What is an Energy Performance Certificate (EPC)?
Sellers of residential property in England & Wales, and the estate agents acting on their behalf in marketing the property will be required to provide prospective buyers with a copy of a valid Energy Performance Certificate (EPC).
. The EPC provides detailed analysis about the energy efficiency of the property, along with information about its CO2 impact. It also contains information regarding improvements and measures that could be taken to improve the energy efficiency of the property. The EPC contains coloured energy information graphs, rather like those found on the front of new fridges and other domestic appliances.
Domestic Energy Assessors will award the property an energy rating based on current energy performance together with the potential rating the property could achieve if it were to be improved to current best standards. More information about EPC graphs that you will find displayed on Rightmove by estate agents is given below.
Free energy efficiency report
To find out how energy efficient your home is, the Energy Saving Trust can provide you with a free, personalised report showing you how much energy and money you can save in your home. It has been shown that an average household could save up to £300 per year on energy bills and reduce around two tonnes of carbon dioxide emissions by making energy improvements.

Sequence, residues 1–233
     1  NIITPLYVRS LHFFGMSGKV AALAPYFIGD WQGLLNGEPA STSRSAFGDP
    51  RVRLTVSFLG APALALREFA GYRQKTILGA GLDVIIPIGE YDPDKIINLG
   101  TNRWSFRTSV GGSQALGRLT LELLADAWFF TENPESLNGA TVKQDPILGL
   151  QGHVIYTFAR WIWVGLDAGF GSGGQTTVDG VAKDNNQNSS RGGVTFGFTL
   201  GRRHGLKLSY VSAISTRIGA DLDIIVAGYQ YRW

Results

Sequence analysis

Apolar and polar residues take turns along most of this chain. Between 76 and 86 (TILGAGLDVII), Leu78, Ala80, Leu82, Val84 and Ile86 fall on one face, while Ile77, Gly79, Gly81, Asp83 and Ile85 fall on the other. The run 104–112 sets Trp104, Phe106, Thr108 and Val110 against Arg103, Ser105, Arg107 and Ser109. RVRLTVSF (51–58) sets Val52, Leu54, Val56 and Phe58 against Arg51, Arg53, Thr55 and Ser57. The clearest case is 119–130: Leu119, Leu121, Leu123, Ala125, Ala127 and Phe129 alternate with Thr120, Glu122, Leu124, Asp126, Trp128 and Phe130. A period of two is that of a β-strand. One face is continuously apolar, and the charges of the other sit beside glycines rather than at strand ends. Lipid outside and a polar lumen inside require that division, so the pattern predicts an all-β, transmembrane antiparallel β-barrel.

Please note that the report from the Energy Saving Trust is NOT an EPC. Results may differ from the actual rating given to your home by a Domestic Energy Assessor.
Want to make your home more energy efficient?
The Energy Saving Trust has plenty of suggestions for quick and easy changes you can make to your home today! You can visit their website or check out the useful guide below to see how these changes can save you money on your energy bills.
Estate Agents are generally required to make available to prospective buyers the Energy Performance rating graphs that are contained within the EPC, at the point that the agent provides the buyer with detailed property particulars.
These graphs offer valuable information as to the current and potential energy efficiency of the home. The graphs comprise two elements; an Energy Efficiency Rating and an Environmental Impact (CO2) Rating.
The graphs will look similar to those below (actual image may vary).
When printing out information about properties which you have found on Rightmove, you are advised to make sure that you also print the graphs where these are available.
Selling your House
Being tidy is an obvious, and easy starter. If your house looks clean and tidy it will create a much better impression than if it is untidy or dirty. Even though all your things will be moved when the new buyer moves in, first impressions do count. This includes the outside as well! People often make a decision before they even get in the house.